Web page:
Location: 4220 7th Ave, Phoenix, AZ 85013

WIFI: Free wifi provided!

Atmosphere: Copper Star Coffee is situated in a repurposed gas station. I think this is pretty awesome, because there are few mundane things more sad than an abandoned building. The inside of their shop has a rustic warehouse feel, with original art work, and a few long tables for work. There is also a nice patio to enjoy the awesome Arizona weather in the spring and fall. Parking is a bit scarce, but there is a little dirt lot behind the psychic that the coffee shop shares with them. There is also street parking that you might be able to snake into. No worries if there aren’t any spots though, they have a sweet drive through so that you can enjoy their rendition of chai at home or on the road.

The Best of Copper Star

original chai tea in phoenix

Staff: The people at Copper Star are wonderful. They can get pretty busy there. This is quite the popular spot, but they work as fast as they can crafting your delicious drinks. Busy or not, they are friendly, and seem very genuine to me. This isn’t an equation for friendly baristas that we see at Dutch Bros and Starbucks. These are cool people at a legitimately unique spot in our little suburban expanse.

Pros: Copper Star is one of the few places with original chai tea in Phoenix. I love visiting for the taste I can’t get anywhere else. On top of that, they also have a great assortment of pastries (cupcakes, pie, lemon squares and the like) and lunch food. I have yet to try their lunch food due to my schedule, but I love their desserts.

Cons: There is a lack of parking that I think could be a problem at times. The coffee shop is also a little cramped and a bit loud when it is busy. I find it a little distracting as a place to work, but I like hanging out with friends there.

original chai tea in phoenix

Want to see the rest of the guide? Check out Your Guide to Phoenix: Chai Tea Adventures.

Cave Creek Hiking: Go John Trail

There is alot of variety to Cave Creek hiking, and Go John Trail is one well known trail in this area. It was previously showcased by Sweat Magazine as reader’s choice best hike.

go john trail

Sonoran desert from Go John Trail (c) ABR 2018

General Information

Location: Cave Creek Regional Park
Run By: Maricopa County
Fee: $6 per car
General Difficulty: 2.5 (1 being easiest and 5 being hardest)
Round Trip Length: 5.4 miles (8.7 km)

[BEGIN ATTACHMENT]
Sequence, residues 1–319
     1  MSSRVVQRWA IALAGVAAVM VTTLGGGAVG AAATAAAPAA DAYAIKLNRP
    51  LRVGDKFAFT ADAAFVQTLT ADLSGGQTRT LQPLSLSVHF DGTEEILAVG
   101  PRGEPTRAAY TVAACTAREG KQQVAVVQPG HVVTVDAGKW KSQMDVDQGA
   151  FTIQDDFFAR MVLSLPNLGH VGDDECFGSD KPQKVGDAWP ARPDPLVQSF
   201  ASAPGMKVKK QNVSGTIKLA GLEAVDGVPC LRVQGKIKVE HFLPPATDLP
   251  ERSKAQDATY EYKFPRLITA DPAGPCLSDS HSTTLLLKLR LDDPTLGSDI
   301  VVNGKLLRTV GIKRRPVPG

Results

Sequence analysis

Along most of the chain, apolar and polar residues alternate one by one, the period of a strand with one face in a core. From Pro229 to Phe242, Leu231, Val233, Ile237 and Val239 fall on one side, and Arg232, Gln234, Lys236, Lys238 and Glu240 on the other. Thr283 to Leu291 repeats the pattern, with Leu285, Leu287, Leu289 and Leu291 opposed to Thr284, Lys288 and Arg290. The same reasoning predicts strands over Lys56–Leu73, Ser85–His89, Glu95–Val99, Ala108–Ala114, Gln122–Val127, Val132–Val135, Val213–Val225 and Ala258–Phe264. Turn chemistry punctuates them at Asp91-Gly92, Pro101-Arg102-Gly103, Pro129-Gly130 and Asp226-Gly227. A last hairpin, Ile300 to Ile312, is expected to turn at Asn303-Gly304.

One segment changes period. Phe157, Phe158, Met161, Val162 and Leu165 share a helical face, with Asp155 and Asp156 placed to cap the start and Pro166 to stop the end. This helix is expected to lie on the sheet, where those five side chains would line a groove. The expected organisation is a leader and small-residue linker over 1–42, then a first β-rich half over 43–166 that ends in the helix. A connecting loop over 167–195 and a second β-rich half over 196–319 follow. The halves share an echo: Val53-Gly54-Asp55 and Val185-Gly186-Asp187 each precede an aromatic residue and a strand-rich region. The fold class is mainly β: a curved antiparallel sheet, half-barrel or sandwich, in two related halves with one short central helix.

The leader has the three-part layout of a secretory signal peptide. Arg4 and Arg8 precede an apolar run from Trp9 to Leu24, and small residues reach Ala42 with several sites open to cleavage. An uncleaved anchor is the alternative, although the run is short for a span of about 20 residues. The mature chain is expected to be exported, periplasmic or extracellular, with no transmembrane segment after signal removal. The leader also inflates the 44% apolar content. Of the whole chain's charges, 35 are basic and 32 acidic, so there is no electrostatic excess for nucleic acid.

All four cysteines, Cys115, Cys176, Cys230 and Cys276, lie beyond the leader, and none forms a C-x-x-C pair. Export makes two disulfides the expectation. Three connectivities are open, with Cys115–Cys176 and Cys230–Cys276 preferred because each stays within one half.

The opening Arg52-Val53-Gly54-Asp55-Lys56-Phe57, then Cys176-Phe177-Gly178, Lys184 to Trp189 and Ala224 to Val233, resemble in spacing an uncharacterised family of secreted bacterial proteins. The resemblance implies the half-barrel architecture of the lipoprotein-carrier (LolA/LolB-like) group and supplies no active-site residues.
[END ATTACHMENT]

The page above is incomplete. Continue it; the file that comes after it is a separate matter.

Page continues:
Accumulated Gain: 1,260 feet (384 meters)
Crowd Levels: Moderate
Other activities: Camping, picnicking, visiting the nature center

Recommendation

Go John trail is a good place to visit if you are a local who hasn’t been, or a visitor looking to experience lots of Sonoran plant diversity. There are better trails for scenery and work outs. This trail is also fairly far from the city center.

Description

First Half

go john trail

Sonoran desert from Go John Trail (c) ABR 2018

The Go John Trail starts at the parking lot at the very end of the road in the recreation area. It is a loop hike that you can start heading north or east. The first section of the trail (if you head north on the Maricopa Trail) rises up over a saddle in the mountains. It’s not a particularly steep incline, but it was sustained enough to get my heart rate up. This is the hardest part of the trail, in my opinion, and after you make the top of this rise, Go John will take you down into a valley where you will meander through fluffy, desert washes.

Before you descend onto the main length of the trail, however, I would suggest pausing to enjoy the view. The saddle is a great place to snap some pictures of the valleys to either side, one with the heart of Phoenix and one still wild. The rest of the trail is fairly low elevation, so there aren’t tons of other spots for pictures until  the end. That being said, the mountains in Spur Cross will  be at eye line for most of your trek, so the horizon-to-horizon beauty is there.

Second Half

go john trail

Sonoran desert from Go John Trail (c) ABR 2018

Once you hike down into the washes, you will have some wonderful opportunities to see Sonoran desert biodiversity, with a multitude of plants growing in this relatively lush part of the Phoenix valley. Birds abound as well, and if you know where to look (and how to be both safe and respectful of the animals) there is also come good herping here.

The way back towards the trailhead goes require you to gain some elevation again, but it is much more gradual than the first half of the trail. The descent to the parking lot is really nice and gradual as well.